#36
Definitely needs to be split by surfaces to understand the overall dynamics between two players. No doubt age plays a big factor.

The current way of looking at H2H is way too simplistic and pointless.
 

JMR

Professional
#37
I disagree. H2H if adequately interpreted shows who is a better player. For adequate interpretation you need to know about 1) sample size and 2) statistical significance. Results like 3:0 is too small sample size. Results like 5:4 could be a good sample size (if it was 9:0 it would be good), but if difference is small, it is not statistically significant (statistically whether is 4:5 or 5:4 it is the same). Results like 20:19 are also statistically non-significantly different although a lot of matches have been played.
Sorry, but that's incorrect. The question you are trying to answer, through a study with an adequate sample size and a statistically significant result is, "Who usually wins?" Or maybe, "Who would win between these two?" The question of who is a "better player" is far more complex, since it involves results generated against the entire field of players.
 

JMR

Professional
#38
We get it, Fed is not your guy, but I don't see why he has to be above everyone in every metric to be a candidate for best ever.
This is a very good observation. Meaningful GOAT analysis should be positivistic, i.e., we look at what players have actually achieved, and then rank them accordingly, if we feel able to do so based on our weightings of those accomplishments. A GOAT analysis that starts with a laundry list of "must haves" is pointless. It ends up comparing players not to each other, but to some inflated ideal of tennis achievement.
 
#39
An important component of H2H matchups in most sports is "home court advantage" - playing home or away. In tennis, where there is variance in skill sets (offensive vs defensive skills), court surface comes into play. Needless to say, you would expect a disparity in H2H results to correlate with a meaningful difference in the balance between home and away matches.
 

Tennis_Hands

Talk Tennis Guru
#40
An important component of H2H matchups in most sports is "home court advantage" - playing home or away. In tennis, where there is variance in skill sets (offensive vs defensive skills), court surface comes into play. Needless to say, you would expect a disparity in H2H results to correlate with a meaningful difference in the balance between home and away matches.
That is an interesting observation.

McEnroe have said (it was a long time ago) that part of the reasons why the European players were not winning that much at the USO was because they weren't serious about competing on the American soil, because they knew that the are going to get back to their preferred courts in Europe.

Do you think that this is still the case (in any "direction")?

:cool:
 

ABCD

Hall of Fame
#41
When I want to see whether someone is better player than me, I just say "lets play" (hic Rhodus, hic salta). There are many elements that can infulence H2H, but by far the most important is who is the better player (Excellent observation by Nadal_Django). Correlate H2H with success over the field and you will find it that best players have best H2H. As an example, H2H of Djokovic is positive against all players with whom he played 10 matches and more, Nadal is negative against only 1 player, Federer is negative against only 2 players and Murray is negative against only 3 players. For those who tell me Federer has more slams than Djokovic and Nadal I say that H2H reflects level of play and when all is settled the order of success will be the same as it is with H2H. Wawrinka has negative H2H with all 4 and this is because he is not as good as they are. Federer will beat me every time not because I have problems with conditions, but because he is a better player. If difference is smaller, you need more matches to reveal it, but sufficient number of matches would ultimately uncover any difference.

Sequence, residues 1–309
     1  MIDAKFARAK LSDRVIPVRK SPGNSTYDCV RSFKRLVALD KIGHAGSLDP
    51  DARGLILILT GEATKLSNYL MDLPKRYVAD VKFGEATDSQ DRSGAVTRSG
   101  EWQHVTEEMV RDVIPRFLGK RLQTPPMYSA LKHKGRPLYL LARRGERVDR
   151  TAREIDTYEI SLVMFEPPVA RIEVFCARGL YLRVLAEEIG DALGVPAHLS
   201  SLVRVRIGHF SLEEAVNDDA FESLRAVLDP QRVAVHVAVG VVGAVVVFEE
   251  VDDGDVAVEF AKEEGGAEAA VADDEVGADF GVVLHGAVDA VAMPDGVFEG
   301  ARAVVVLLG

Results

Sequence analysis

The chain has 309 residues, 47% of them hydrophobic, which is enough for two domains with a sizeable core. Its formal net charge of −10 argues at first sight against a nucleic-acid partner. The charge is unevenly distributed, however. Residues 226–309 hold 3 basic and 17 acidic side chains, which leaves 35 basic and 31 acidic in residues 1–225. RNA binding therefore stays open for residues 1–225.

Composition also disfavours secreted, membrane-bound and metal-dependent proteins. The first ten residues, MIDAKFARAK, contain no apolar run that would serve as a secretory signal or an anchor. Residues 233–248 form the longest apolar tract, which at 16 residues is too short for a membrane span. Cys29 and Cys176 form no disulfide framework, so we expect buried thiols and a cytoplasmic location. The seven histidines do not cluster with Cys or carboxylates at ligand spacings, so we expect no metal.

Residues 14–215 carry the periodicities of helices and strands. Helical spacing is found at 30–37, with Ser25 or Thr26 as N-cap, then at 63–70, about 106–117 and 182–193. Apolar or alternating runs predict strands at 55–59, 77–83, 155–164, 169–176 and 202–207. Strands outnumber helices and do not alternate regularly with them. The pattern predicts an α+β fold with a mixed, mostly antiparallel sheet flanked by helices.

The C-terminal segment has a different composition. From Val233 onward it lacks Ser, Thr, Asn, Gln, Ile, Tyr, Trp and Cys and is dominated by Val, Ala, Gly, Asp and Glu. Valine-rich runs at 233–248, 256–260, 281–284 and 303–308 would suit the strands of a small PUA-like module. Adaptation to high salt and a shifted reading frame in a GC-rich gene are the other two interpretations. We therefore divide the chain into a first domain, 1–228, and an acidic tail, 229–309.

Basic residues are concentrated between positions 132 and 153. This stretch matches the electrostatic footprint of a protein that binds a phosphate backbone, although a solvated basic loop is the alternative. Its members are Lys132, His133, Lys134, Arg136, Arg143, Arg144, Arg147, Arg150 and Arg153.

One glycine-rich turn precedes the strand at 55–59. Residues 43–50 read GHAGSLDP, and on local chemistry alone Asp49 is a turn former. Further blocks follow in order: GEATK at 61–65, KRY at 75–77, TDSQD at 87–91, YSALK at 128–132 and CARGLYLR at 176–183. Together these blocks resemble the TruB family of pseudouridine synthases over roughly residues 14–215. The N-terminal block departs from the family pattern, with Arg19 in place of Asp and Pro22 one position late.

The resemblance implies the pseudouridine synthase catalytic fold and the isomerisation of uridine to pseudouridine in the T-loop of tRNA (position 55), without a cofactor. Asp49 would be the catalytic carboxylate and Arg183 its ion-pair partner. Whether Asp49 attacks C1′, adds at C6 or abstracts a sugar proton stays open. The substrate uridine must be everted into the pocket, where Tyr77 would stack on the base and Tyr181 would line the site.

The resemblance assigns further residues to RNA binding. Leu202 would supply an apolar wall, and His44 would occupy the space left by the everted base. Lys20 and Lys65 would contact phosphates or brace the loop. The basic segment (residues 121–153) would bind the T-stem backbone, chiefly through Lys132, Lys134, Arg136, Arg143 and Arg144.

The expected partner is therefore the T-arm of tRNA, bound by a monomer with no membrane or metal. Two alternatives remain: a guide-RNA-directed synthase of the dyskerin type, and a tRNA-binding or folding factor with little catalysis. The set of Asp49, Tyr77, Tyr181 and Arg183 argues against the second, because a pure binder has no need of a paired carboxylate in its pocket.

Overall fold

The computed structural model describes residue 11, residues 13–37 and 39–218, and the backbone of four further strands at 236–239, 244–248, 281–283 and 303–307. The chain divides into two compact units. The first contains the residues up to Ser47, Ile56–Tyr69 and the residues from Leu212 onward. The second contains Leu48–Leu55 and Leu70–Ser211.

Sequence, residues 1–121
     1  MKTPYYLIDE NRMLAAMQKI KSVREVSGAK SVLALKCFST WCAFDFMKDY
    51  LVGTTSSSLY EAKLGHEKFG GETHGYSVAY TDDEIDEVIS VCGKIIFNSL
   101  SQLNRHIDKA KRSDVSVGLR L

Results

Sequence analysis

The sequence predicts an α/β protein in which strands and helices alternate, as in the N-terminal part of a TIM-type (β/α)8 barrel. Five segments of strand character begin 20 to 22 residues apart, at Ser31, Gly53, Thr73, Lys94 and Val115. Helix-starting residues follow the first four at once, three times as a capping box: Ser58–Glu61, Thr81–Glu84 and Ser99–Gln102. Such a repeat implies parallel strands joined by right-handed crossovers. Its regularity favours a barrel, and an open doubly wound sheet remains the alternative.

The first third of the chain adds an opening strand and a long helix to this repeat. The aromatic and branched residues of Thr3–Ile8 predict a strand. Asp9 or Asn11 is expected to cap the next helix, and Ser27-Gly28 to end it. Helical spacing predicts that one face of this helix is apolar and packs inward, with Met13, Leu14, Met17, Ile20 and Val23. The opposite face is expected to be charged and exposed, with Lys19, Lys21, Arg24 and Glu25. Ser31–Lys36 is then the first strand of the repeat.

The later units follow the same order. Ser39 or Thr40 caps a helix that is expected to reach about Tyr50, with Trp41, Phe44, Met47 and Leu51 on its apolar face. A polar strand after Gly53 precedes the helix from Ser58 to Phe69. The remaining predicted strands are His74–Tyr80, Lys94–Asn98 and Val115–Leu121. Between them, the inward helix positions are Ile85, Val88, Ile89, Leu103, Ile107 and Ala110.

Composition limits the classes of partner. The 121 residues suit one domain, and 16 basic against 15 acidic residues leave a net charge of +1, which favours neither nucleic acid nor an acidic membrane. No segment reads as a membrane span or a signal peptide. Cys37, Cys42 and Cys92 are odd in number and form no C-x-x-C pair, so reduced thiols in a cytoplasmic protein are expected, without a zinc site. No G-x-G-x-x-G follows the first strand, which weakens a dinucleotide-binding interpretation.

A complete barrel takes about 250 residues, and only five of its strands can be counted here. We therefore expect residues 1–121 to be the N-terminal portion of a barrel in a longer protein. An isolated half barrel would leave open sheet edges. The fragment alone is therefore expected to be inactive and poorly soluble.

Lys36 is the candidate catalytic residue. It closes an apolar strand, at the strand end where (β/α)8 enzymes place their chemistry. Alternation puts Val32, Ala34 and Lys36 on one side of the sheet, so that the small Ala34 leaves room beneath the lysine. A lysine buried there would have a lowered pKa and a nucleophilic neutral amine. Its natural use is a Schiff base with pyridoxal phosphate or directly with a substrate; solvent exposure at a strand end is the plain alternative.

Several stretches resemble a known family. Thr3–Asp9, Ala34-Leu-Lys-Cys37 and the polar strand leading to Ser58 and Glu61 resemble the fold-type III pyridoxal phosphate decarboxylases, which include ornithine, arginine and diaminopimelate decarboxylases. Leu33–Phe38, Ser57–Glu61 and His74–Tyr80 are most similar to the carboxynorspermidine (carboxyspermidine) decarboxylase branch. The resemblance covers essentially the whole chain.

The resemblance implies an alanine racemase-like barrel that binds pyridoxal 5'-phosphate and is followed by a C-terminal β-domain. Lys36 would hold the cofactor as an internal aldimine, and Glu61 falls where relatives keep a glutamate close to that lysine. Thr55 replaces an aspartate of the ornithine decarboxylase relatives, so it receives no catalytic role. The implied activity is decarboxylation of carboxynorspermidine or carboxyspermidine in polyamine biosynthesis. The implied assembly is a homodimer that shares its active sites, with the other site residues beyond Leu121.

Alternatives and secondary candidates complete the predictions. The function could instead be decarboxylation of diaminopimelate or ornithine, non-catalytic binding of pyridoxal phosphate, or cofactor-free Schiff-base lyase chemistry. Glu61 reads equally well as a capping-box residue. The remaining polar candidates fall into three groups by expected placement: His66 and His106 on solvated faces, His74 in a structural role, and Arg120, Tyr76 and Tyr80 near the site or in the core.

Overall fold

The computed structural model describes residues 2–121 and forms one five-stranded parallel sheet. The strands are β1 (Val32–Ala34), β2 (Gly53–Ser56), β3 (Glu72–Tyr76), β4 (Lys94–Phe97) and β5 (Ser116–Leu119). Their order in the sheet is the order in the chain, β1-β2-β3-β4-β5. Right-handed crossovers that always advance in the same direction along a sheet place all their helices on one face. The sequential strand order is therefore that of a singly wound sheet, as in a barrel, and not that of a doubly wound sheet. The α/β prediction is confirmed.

#42
McEnroe vs Borg was 7-7 HTH yet they never competed on clay where Borg, with 6 French Opens to McEnroe's 0, would have been heavily favored. If those 14 are all on clay, it's a different story, but if Borg had a 14-0 HTH against McEnroe, it wouldn't tell an accurate story. Ditto with playing against Sampras on grass vs clay. To ignore surfaces in the H2H is blind. Graf was clearly a better grass court player than Seles, and Seles was superior on Rebound Ace, etc.
 

JMR

Professional
#43
As an example, H2H of Djokovic is positive against all players with whom he played 10 matches and more
Conveniently, Roddick (5-4 vs. the Djoker) falls just short of this threshold. Just one little match. But I'm sure there were compelling reasons for setting the minimum at 10 rather than, say, eight.

For those who tell me Federer has more slams than Djokovic and Nadal I say that H2H reflects level of play and when all is settled the order of success will be the same as it is with H2H.
That is one bizarre piece of dogma.
 

ABCD

Hall of Fame
#44
Conveniently, Roddick (5-4 vs. the Djoker) falls just short of this threshold. Just one little match. But I'm sure there were compelling reasons for setting the minimum at 10 rather than, say, eight.
As more matches is played H2H is more accurate estimate. As an example, Rafter vs Federer 3:0 is not reflective of the overall quality of players due to small number of matches over short period of time. However, if 2 players play >30 matches over >10 years it is a pretty accurate indicator of players' quality.
 
#45
By that logic, Hewitt (5-4), Roddick (2-1), Safin (5-4), Bruguera (3-2), Stich (5-4), Kracijek (6-4) or even Wayne Ferreira (6-7) for that matter would have the same comparable "success" as Sampras.